Markets spent most of March on the back foot, as discussions around inflation and higher rates were replaced by new concerns of a potential trade war between the US and China. At least some of the actions from President Trump can be written off as purely posturing, not least certain tariffs which are expected to hurt US business more than help them and the flip-flopping between an aggressive stance one-day and a host of exemptions and a more conciliatory stance the next. But on the broader message of protecting America’s interests, he has been, at least for him, remarkably consistent. Either way, markets are sufficiently jittery following the sell-off in February to not react well to developments that might hamper growth and risk stoking the already-smoldering fire of inflation.
At least a talk of a trade war makes a refreshing change from talk of a nuclear war. The de-escalation of tension around North Korea and announcements of dialogue between Kim Jong Un and (separately) South Korea, the US and China, means that most of the ‘good news’ around the easing of geopolitical tension in the region is probably now in the equity market price. In our view, it is hard to see how the US/North Korea talks can lead to anything material – since Kim is unlikely to give up his only bargaining chip, his nuclear program – and the risks of this unravelling in the face of more jittery markets should not be underestimated.
All of which means that capital markets could continue to be more volatile this year than they have been in recent history. In 2017, the Vix Index closed above 15 on only a handful of occasions. In the two months since the equity market sell-off in early February, it has closed below 15 only once. Those who heeded the advice of many commentators and ‘bought-the-dip’ in early February are looking less confident now. Most Developed Markets finished March close to, or below, their lowest levels in February, and there is much less talk of buying the dip this time than there was six weeks ago. One only has to look at the record outflows seen on some large cap equity ETFs to see how much the bid has evaporated.
Perhaps the most interesting part of all is the US yield curve. The 2yr-10yr spread in the US remains stubbornly low, at around 50-55bps, since the latest wave of equity market selling has been a risk-off move with people buying back into treasuries. One of the highlights of the first Fed meeting under Chairman Powell was the increase in the dot plot for 2019 and 2020, which means that the middle of the curve is underpricing the actual policy makers’ expectations. Assuming the policy makers are right, then there is significantly more pressure to be placed on both credit funding and equity discount rates as we move through 2018.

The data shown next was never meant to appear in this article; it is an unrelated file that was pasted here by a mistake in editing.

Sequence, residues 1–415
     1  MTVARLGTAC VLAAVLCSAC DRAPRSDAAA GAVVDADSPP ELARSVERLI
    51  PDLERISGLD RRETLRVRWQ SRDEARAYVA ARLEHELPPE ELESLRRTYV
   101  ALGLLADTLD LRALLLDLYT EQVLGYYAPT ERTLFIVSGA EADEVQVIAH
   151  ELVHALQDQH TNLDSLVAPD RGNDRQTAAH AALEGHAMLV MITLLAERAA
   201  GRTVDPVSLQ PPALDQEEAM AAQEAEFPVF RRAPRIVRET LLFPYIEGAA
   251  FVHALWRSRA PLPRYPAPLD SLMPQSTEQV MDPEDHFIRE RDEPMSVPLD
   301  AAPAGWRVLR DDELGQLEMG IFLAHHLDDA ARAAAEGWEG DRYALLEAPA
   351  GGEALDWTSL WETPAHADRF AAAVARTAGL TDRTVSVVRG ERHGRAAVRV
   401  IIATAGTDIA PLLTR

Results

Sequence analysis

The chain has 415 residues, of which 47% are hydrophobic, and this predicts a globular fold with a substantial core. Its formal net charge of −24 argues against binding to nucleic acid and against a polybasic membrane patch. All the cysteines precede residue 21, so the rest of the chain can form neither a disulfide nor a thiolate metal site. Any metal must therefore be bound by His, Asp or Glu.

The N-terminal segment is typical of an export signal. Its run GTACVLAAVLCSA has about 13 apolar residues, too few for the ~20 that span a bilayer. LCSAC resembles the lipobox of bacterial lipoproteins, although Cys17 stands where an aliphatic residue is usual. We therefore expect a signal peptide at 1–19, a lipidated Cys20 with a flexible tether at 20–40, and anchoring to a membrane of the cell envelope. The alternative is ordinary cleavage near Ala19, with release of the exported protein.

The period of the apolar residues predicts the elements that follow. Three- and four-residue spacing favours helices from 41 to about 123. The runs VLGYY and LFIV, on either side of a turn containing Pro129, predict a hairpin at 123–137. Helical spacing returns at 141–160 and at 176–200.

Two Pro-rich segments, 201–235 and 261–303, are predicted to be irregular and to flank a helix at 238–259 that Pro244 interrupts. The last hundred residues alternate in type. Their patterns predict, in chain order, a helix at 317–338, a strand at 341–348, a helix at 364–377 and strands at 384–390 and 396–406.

For hedge funds, this world feels a bit more interesting. They have become increasingly cautious on taking equity beta, in particular, CTAs have much more risk averse positioning now than they did at the start of the year, and managers are generally quite excited about the potential opportunities arising from higher volatility and more areas of distress in both credit and equities. After close to a decade of watching the S&P 500 print the kind of Sharpe ratio that most hedge fund managers could only dream of, there are a few strategies sitting on gains for the year in the face of equity market losses, and a fair few more that are protecting capital through the worst of the market noise.
So where do we go from here? If this is an inflection point, we are probably still nearer the start than the end. Despite faster market participants reducing their equity exposure in February and March, broader market positioning still feels quite full, in our view. The aggregate holdings that build up over 10 years of flows into passive and risk-parity programs could take some shaking out. Thus far, talk of systemic risk has been muted, but investment grade CDS spreads have risen steadily throughout the year, from around 35bps at the start of January to around 120bps at the end of March (with a more marked increase in March rather than during the initial signs of equity market panic in February) and the Libor-OIS spread continues to widen.
This seems odd since the consensus view is that there is no real stress in the financial system. Banks are stronger and have healthier balance sheets than any time in the last ten years, while other market indicators of stress are certainly not flashing red or even yellow. For example cross-currency basis markets are telling us that there are plenty of US dollars around, with JPY and EUR basis tightening over the last few weeks (i.e. becoming less negative). Nonetheless, it feels reasonable to be suspicious about ‘technical’ market disruptions in equities, investment grade credit and cash funding spreads. These appear unrelated, but are conspicuously correlated at the same time as we are transitioning from an era of low rates, low volatility and easy financial conditions to something that looks and feels less comfortable. The accumulation of technical, isolated and contained market disruptions could be the proverbial canary in the coal mine that presages a more substantial regime change. One suspects that Goldilocks will not go away quietly.
Despite continued volatility in equity markets, most hedge fund strategies performed better in March than they did in February. Given the higher levels of asset volatility, there was greater variation in individual manager returns, but several strategies eked out flattish or small positive returns for the month.